Still no phone here. Friends of ours from California were supposed to arrive yesterday, but we have no way to contact them. They have their own house, about 10 miles south of us out in the country. Their plan was to spend Christmas Eve in Paris, and then drive down to Saint-Aignan on Christmas Day. I knew which hotel they had booked. So I sent an e-mail to the hotel and asked the staff to transmit the message that our phone was on the fritz. I have no way of knowing if our friends got that message. They might just be wondering why we don't answer the phone. Maybe we'll hear from them today.
Meanwhile, that poularde we cooked yesterday was the best chicken I've had in a long time. I wish I knew what we call such a bird in American English. I know a French chapon is called a capon and is a castrated young rooster that is all fattened up. We would have cooked a capon, except they are big birds (8 to 10 lbs.) and it would have been too much for the two of us.
The young hen we roasted — a poularde is a hen that is fattened and then killed before it ever starts laying eggs — weighed about two kilos, or just under 4½ lbs. We have plenty of leftovers. The Joy of Cooking says that "Large chickens — generally those weighing 5 to 7 pounds, though some producers include chickens weighing as little as 4 pounds in this category — are marketed today as roasting chickens or roasters."
In the French-English dictionary, the entry for Fr. poularde says it is a "cookery" term and that the word used in English is also poularde.
Other hens that are sold fall into two categories. Some are raised for the eggs they produce and those eggs are sold. Others are raised as breeders; the eggs they lay are hatched. These layers are called stewing hens in the U.S.; in France, they are sold as poules and the only way to treat them is to boil or stew them. They make great broth or stock, and if you boil the meat long enough you can eat that too. Think chicken noodle soup.
A couple of years ago I bought two poules at the supermarket by mistake. The price was good, and I didn't pay attention to the label. It looked like chicken to me. I cooked it as I would have cooked a bird marketed as a poulet and was I disappointed! The meat was tough as shoe leather. I looked up poule in my cookbooks and realized the mistake I had made.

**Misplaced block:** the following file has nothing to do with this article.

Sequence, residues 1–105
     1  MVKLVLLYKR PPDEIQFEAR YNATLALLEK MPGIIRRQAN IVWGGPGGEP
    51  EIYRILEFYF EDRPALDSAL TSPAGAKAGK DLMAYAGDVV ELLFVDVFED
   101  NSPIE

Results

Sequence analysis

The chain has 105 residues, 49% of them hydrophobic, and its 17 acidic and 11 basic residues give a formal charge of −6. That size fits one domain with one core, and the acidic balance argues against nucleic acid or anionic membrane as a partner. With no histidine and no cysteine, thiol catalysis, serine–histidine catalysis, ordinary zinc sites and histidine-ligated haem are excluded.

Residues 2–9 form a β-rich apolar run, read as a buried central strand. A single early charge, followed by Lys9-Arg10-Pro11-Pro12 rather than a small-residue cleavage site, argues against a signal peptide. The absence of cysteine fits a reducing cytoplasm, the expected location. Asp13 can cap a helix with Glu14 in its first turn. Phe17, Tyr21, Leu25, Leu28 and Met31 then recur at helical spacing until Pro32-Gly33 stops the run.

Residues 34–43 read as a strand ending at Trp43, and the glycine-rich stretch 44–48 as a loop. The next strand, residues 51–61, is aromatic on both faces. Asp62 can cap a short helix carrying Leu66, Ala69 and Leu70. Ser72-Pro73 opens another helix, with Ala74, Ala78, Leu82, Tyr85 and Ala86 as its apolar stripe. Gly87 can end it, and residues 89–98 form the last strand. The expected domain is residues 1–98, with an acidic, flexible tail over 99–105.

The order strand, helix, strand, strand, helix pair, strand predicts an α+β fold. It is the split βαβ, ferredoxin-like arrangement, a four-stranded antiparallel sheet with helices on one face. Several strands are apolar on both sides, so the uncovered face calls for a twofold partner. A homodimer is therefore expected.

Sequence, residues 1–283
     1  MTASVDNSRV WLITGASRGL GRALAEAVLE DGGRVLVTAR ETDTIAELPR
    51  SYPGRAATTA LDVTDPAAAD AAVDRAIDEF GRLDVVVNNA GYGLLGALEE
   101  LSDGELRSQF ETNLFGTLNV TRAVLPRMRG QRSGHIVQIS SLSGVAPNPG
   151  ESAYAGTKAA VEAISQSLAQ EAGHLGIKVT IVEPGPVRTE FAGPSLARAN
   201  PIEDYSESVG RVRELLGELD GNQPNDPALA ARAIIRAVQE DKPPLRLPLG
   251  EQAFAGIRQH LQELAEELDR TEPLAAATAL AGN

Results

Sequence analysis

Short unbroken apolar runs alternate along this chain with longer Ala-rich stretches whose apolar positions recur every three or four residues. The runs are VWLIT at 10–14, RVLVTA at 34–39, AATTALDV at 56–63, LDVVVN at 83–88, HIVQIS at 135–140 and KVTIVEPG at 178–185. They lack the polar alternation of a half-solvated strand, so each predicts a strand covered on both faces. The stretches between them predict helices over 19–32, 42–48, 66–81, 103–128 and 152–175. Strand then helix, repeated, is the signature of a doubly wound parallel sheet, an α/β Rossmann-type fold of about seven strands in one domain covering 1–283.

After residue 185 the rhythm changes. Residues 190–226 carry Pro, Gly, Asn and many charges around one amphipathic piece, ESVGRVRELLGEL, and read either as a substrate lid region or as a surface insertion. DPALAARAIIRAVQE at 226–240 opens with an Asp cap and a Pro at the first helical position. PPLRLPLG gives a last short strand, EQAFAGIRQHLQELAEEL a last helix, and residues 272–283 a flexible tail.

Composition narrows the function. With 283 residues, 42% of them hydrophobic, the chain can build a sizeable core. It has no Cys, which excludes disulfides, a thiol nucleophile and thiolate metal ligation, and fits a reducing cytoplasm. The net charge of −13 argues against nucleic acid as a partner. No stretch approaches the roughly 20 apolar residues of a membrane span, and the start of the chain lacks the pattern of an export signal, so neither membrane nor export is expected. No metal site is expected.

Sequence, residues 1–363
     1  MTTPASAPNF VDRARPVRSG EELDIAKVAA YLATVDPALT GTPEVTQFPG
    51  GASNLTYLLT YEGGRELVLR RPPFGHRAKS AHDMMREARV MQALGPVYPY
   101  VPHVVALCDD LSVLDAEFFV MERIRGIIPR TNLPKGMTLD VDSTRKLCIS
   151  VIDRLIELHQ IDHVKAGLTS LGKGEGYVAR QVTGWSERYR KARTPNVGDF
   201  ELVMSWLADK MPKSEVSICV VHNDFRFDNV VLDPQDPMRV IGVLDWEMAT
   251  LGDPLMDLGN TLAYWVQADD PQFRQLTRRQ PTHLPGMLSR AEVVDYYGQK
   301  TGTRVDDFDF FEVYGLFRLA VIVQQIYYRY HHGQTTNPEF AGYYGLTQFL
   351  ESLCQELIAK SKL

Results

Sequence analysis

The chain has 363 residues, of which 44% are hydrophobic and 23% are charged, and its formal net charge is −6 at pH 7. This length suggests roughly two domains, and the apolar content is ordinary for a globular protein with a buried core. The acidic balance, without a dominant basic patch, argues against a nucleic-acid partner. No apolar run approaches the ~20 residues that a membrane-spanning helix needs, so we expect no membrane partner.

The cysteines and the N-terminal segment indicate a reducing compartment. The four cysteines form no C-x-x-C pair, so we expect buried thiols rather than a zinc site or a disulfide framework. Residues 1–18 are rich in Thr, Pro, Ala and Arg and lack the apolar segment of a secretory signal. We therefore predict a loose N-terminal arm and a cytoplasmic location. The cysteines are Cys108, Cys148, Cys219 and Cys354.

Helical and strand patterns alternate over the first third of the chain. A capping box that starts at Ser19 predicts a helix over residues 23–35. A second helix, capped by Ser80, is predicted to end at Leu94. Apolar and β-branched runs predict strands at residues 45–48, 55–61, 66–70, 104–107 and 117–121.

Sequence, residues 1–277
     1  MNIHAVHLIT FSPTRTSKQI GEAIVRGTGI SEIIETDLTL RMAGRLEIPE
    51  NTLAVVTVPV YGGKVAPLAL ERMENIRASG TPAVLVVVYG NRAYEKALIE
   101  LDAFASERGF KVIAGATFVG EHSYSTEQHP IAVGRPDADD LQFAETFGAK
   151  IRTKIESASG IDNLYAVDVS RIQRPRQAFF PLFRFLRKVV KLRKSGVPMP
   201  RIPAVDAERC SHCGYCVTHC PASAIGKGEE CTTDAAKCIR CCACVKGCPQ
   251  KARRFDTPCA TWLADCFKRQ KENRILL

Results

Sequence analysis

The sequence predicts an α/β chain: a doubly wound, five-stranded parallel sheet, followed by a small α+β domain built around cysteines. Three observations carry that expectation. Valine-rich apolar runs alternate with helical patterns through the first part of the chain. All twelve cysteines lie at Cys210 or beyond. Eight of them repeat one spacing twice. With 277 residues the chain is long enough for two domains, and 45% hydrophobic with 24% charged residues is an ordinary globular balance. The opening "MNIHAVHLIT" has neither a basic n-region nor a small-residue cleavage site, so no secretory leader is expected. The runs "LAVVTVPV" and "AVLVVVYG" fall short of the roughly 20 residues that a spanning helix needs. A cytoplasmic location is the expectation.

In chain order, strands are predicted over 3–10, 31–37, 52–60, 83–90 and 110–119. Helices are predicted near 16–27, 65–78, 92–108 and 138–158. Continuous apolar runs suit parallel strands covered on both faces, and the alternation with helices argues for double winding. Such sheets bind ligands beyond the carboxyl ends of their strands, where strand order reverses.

In France you can buy sevreal different varieties of poulets too. The standard supermarket chicken, called a poulet industriel, is also called a poulet blanc. A farm raised chicken is a poulet fermier and can be either white or yellow, depending on whether it has been raised on a diet of corn or not. In France, most of the farm-raised chickens carry a Label Rouge, which is the industry's guarantee that the birds are raised and fed according to high standards.
Free-range chickens are called poulet de grain and farm-raised chickens that are kept indoors are called poulets reine. I think these can have the Label Rouge too. So-called "industrial chickens" cannot.
At the outdoor markets, where they have those big racks of rotisseries with many chickens and other fowl and meat roasting out in the open air, you can get either a poulet blanc or a poulet fermier, as you prefer. The former are less expensive, of course.
The special birds sold for the end-of-the-year holidays are turkeys (dindes), capons (chapons), poulardes, and geese (oies). I don't think I had ever in my life bought a poularde before this year. But I knew what they were, because I had seen pages and pages of recipes for them in the Larousse Gastronomique food encyclopedia.
Actually, the Larousse lists 98 recipes (unless I miscounted) under the category Poulardes et poulets, and then another 100 or more under the category "Farm-raised chickens." You pays your money and you takes your choice.
Just to be sure, I asked the butcher at the supermarket about the poularde before I bought it. He said it would be a very good chicken to roast in the oven. This morning I checked a couple of my books, including one called Les Bases de la Bonne Cuisine (Monique Lansard) and another called Je Sais Cuisiner (Ginette Mathiot), and they say that poulardes should always be poached. Oh well.
We roasted ours on a spit. Our oven has a rotisserie built in. We chopped up a small onion and put it inside the chicken with a bay leaf and some salt and pepper. We trussed it up tightly and then Walt gave the bird a butter massage à la Julia Child. Then we put it on the skewer and started it cooking at about 250ºC (480ºF).
I put an oval-shaped baking dish with about half an inch of water in it under the bird in the oven. That way, the drippings from the roasting process would fall into water and not burn on the oven pan as it cooked. And the humidity that pan of water would add to the interior of the oven would help keep the bird moist as it roasted. Besides, with the drippings you can make a very good gravy.
The poularde cooked for an hour or more. At the end, we checked the temperature with an instant-read thermometer and it was up to 190ºF at the thigh and over 180 in the breast. That would normally be overcooked, but the bird turned out to be perfect and not at all dried out. Maybe it was the butter massage. Or maybe it was just a fine piece of poultry. It was probably a little of both.